... or why I find it so very difficult, and try to keep out of it!
A very good explanation of what the sign of peace at Mass is really about, and the difficulties that its practice presents, can be found here. Please do not get me wrong. I am actually very keen on the sign of peace, and keen on it staying where it is, as part of the Communion rite (there are suggestions of moving it to an earlier point in the liturgy, at the Penitential rite or the Offertory). But I just can't cope with it the way it is usually celebrated at Mass these days.
For just over a year now, after a couple of exceptionally bad experiences, I have tried to keep out of exchanging the sign of peace at Mass (though courtesy doesn't always make it possible). The worst case scenario occurs when those around you demonstrate little sense of proper participation at Mass (yes, I know, judgemental, and I wouldn't express this at an individual level) and then enthusiastically expect you to shake hands with them! Another scenario occurs when those around you do participate with reverence and devotion (just as judgemental as above, I know) and then offer the sign of peace in terms which demonstrate a complete lack of understanding of what it is meant to be. The problem here, at least in part, is that the handshake that is the defined sign to be exchanged in England and Wales is not a sacred sign at all but a rather every day sign. I think there is some mileage in the practice I experienced at one time of omitting the exchange of the sign between the people (note that this does not omit the offering of the peace from the celebrating priest to the people, which represents the essence of the sign of peace in any case) during the week, but including it at Sunday Masses.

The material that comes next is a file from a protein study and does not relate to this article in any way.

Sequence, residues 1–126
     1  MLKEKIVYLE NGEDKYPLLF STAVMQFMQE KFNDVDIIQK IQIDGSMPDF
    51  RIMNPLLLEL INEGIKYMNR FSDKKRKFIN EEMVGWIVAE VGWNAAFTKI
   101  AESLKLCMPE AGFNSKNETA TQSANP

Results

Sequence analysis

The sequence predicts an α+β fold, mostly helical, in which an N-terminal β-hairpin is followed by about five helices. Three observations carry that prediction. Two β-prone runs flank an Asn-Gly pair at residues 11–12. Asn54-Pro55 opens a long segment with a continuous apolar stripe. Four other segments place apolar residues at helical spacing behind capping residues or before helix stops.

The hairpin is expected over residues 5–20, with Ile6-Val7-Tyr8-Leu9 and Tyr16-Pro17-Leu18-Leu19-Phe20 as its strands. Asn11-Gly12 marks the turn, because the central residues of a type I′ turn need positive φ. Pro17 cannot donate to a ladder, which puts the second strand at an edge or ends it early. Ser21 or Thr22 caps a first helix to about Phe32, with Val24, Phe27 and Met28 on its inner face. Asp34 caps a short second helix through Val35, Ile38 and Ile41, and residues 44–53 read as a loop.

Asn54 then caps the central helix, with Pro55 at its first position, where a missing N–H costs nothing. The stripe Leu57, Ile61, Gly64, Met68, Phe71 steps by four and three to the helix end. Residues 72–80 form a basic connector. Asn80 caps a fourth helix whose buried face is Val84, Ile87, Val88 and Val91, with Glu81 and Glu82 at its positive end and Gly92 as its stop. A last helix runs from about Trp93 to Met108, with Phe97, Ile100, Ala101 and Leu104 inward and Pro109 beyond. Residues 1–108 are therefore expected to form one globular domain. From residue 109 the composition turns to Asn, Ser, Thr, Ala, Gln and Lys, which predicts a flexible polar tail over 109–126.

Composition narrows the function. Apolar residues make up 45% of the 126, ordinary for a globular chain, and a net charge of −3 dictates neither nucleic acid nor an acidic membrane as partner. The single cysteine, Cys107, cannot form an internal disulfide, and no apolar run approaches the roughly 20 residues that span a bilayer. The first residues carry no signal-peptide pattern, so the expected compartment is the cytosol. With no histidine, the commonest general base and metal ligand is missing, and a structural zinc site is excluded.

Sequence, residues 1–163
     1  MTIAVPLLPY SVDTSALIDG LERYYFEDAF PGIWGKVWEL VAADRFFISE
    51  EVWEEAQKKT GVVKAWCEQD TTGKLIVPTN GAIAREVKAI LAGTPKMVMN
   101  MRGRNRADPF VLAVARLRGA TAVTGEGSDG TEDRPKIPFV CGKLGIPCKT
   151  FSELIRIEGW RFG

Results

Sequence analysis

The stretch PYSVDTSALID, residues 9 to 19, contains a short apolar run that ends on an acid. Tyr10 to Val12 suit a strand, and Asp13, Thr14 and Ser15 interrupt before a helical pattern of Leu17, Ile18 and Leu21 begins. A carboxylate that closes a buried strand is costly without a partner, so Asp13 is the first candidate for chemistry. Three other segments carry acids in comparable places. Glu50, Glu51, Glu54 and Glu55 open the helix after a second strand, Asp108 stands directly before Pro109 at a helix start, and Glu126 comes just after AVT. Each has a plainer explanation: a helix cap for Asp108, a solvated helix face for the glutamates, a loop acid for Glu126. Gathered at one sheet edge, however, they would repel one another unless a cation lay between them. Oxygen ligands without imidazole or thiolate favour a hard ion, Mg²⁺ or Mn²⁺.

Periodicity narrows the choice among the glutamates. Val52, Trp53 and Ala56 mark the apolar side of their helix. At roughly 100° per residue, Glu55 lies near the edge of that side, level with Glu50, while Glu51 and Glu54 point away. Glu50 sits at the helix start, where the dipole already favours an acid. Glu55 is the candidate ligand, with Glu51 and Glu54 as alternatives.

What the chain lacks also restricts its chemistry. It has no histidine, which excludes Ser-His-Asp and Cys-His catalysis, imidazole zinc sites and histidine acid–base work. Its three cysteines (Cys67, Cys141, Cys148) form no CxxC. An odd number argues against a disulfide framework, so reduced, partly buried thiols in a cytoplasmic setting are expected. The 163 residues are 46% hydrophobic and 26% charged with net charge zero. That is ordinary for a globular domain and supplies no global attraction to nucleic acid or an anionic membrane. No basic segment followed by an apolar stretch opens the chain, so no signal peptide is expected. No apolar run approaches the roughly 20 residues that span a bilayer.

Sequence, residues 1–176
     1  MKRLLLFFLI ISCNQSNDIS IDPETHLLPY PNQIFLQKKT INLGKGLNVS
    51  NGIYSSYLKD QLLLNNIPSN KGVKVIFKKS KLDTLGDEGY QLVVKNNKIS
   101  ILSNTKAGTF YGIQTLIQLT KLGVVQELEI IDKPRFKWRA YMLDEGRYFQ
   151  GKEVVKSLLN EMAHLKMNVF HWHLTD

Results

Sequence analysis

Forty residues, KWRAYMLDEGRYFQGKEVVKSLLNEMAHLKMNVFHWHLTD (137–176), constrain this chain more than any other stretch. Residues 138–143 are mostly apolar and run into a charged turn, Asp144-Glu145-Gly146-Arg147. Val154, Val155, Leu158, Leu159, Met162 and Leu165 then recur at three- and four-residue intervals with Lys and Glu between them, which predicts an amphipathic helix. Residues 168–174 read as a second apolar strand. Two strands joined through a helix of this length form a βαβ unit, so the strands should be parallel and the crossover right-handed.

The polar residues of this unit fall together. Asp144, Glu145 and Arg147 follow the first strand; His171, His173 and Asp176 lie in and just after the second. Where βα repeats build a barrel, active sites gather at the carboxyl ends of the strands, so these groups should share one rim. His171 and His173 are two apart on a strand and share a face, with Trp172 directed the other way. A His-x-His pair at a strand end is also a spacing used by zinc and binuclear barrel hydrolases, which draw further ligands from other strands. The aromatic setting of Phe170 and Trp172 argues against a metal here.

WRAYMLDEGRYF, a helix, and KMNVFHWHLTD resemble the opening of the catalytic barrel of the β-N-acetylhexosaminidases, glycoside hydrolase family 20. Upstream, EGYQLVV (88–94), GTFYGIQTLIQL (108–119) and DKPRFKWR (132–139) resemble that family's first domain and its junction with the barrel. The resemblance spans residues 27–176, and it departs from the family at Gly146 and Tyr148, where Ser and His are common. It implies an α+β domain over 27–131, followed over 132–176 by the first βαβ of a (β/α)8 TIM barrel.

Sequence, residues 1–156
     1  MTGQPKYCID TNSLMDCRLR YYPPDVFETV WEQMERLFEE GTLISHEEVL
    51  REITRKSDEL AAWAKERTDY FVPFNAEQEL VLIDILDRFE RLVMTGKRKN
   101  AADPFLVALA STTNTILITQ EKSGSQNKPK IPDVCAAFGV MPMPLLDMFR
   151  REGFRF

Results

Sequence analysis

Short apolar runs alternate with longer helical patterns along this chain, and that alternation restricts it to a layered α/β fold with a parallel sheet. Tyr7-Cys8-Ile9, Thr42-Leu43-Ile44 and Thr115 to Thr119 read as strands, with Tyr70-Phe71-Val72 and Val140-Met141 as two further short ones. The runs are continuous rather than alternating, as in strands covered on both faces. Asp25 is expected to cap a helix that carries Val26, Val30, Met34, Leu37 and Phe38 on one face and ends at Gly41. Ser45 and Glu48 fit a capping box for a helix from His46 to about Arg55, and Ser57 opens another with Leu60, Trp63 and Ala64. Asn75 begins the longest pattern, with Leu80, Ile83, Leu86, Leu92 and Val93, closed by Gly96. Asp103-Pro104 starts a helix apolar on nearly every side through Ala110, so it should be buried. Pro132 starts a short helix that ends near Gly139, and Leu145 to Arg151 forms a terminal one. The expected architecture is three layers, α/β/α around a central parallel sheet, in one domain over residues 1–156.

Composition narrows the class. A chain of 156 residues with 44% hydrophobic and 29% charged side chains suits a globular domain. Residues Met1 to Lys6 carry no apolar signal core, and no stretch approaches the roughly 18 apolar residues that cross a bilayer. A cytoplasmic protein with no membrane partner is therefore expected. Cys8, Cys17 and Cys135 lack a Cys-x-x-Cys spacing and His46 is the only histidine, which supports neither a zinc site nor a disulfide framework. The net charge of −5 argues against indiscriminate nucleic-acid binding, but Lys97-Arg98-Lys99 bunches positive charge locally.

The classic occurred this morning when the very devout people around me at Mass (a splendid turn out on a Saturday morning for a New Year's Day Mass, including a good number of families) ..... offered the sign of peace wishing me a happy new year!